Child-care programs have long struggled with staffing because wages are so low: The national median is $11.65 an hour, and around half of programs don’t offer health insurance benefits. The current moment is an order of magnitude worse.
While other industries like retail and fast food are responding to labor shortages by raising compensation, most child-care programs have no ability to follow suit. Even with many states preparing to end enhanced unemployment insurance payments, day cares are still increasingly uncompetitive employers.
This is a phase shift. For much of the pandemic, child-care programs were struggling with under-enrollment as parents worked remotely or stayed away for fear of their child bringing covid home. Now, programs are struggling to handle a surge in demand. Since day cares must follow mandated child-to-adult ratios, a lack of staff quite simply means they must serve fewer children.
The problem cuts across geography and ideology; waiting list stories have cropped up from Ohio to Texas, and it was recently reported that one of rural Iowa’s few large centers may have to close temporarily due to staffing challenges. Kim Hulcher, executive director of the Virginia Child Care Association, wrote in an email that “critical staffing shortages” have led several of her members to cap enrollment and stop accepting parent applications altogether.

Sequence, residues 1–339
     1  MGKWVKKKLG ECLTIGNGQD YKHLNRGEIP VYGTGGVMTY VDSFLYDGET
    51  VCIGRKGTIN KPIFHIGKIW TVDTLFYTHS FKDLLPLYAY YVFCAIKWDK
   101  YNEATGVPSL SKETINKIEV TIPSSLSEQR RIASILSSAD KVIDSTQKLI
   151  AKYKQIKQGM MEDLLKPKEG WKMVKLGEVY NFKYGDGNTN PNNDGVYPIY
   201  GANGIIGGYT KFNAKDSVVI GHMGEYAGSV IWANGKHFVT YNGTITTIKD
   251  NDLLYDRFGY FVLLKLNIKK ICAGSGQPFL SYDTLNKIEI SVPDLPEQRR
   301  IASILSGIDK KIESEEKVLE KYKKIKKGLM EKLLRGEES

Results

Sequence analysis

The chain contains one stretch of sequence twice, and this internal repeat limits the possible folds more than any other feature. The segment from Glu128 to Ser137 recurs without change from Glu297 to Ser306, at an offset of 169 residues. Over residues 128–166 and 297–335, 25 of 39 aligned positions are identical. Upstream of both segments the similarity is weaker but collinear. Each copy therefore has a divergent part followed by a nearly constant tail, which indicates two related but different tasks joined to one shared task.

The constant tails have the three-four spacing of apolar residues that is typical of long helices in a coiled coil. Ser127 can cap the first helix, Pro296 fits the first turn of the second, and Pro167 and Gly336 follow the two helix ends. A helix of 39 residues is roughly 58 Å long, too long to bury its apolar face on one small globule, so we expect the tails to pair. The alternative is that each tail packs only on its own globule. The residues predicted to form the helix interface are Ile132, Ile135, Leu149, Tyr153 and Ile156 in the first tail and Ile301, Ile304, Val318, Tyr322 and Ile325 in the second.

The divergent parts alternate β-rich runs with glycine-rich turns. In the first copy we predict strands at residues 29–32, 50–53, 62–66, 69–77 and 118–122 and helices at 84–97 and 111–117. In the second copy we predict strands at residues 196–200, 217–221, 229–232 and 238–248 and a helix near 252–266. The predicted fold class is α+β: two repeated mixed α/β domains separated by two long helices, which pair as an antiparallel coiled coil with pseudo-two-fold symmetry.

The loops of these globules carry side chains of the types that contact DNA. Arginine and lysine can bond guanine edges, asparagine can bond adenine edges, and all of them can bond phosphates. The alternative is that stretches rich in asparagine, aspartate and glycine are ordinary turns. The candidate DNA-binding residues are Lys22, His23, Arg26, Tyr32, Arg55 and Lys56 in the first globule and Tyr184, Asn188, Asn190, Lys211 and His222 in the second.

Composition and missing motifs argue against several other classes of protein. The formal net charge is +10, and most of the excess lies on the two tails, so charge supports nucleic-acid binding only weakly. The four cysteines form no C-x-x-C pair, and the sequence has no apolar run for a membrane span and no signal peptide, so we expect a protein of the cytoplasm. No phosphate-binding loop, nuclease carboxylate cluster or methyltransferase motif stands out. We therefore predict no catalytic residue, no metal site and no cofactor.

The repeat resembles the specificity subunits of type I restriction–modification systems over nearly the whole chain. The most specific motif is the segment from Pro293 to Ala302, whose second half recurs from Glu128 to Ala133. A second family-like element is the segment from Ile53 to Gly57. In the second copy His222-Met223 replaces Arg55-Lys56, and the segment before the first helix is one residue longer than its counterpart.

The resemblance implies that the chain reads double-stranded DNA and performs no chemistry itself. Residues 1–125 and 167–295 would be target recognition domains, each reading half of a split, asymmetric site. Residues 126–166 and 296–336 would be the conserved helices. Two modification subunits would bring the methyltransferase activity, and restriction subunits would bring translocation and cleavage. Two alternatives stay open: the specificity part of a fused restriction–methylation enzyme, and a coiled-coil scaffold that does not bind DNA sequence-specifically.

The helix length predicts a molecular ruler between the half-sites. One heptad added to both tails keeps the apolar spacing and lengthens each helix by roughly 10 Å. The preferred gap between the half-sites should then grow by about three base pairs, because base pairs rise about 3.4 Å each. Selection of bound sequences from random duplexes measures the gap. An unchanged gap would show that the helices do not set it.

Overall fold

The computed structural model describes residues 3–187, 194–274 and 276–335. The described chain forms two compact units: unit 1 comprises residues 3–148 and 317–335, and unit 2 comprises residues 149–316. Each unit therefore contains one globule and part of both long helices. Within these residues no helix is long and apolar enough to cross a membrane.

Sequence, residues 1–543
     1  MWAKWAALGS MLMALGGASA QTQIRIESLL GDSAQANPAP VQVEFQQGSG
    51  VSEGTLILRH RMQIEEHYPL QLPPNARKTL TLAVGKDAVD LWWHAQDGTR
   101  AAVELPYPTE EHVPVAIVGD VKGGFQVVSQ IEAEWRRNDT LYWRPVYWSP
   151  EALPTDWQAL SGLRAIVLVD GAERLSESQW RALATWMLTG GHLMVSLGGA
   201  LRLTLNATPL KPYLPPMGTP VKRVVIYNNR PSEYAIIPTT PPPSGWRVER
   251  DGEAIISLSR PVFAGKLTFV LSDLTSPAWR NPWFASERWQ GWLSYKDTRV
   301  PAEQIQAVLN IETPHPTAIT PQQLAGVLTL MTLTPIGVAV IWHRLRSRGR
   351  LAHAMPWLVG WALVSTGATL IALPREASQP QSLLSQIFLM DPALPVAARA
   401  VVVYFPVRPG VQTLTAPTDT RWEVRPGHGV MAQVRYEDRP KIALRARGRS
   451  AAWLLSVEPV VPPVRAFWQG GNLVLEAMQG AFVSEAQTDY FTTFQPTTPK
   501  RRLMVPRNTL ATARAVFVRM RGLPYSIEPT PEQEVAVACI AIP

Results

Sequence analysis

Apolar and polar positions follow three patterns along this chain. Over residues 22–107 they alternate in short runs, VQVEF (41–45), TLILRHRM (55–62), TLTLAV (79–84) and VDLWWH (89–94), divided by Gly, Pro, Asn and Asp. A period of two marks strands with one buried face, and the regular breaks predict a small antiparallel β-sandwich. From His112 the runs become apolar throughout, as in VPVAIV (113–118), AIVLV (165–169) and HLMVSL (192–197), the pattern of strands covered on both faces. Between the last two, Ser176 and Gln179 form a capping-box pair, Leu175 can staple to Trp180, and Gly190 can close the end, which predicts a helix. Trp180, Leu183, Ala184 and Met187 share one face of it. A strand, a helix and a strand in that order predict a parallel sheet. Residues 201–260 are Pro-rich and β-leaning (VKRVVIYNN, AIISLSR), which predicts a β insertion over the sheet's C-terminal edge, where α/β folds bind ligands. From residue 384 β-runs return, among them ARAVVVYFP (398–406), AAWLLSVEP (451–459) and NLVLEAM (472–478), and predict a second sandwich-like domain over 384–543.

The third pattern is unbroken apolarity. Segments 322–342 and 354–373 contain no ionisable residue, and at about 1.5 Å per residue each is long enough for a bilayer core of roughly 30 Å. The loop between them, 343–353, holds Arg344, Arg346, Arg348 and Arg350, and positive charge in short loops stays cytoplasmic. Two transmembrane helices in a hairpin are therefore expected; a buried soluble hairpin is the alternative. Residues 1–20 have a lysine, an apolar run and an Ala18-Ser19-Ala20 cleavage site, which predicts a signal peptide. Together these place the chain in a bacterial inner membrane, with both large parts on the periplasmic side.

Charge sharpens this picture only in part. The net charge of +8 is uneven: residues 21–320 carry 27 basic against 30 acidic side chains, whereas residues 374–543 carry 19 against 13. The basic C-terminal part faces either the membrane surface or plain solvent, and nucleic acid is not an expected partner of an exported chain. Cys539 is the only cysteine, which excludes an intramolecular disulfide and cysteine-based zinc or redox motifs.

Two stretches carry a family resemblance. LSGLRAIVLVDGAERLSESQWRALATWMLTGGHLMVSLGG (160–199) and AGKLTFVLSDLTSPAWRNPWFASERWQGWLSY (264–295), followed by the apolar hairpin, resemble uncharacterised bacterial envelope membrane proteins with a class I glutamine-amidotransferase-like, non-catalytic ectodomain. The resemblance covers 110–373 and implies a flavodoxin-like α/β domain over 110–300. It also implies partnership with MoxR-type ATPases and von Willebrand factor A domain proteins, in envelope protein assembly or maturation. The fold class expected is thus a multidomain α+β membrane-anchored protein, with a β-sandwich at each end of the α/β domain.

The impact isn’t restricted to families with children below age 6; many child-care programs also provide before- and after-school care to elementary-aged children. When Ann Arbor Public Schools discontinued district-affiliated child-care services for the upcoming school year, the primary reason given was staffing shortages.
Unlike a short-staffed restaurant that may need to curtail operating hours or menu options, child-care programs are cultivating the academic and socioemotional foundations of a generation; forcing them into a lurch is frankly dangerous. Children thrive on consistent, reliable relationships, and effectively providing care and education for a group of 3-year-olds requires skill. Child care is about the last sector in which you want to see high churn and programs scraping for warm bodies. Yet here we are.
There is only one solution: public investment. Child-care programs don’t obey the classic rules of supply and demand; many experts consider the sector a failed market. Parents are already tapped out, but the obscene prices they pay don’t come close to covering the true cost of care in such a personnel-heavy enterprise. Only programs serving the most affluent can reasonably charge more to boost wages.
Raising ratios or relaxing training requirements is an even more horrific idea — threatening the safety and quality of children’s experiences should be rejected out of hand. Unless we want child care to become a luxury good or a low-quality morass, public money is necessary. Anyone who says otherwise, such as Republicans who claim needing child care is not a preference “normal people” have, is hiding the ball.
At some point, the staffing shortages will curtail income enough to send programs into a budgetary death spiral. The canary in the coal mine is already fainting: The Texarkana Gazette recently reported on a local child-care center closing permanently because of an inability to find a new center administrator. “We looked as far as Little Rock, Oklahoma City, Dallas. Not one with the qualifications we need is presently available,” co-owner Pamela Reynolds told the Gazette.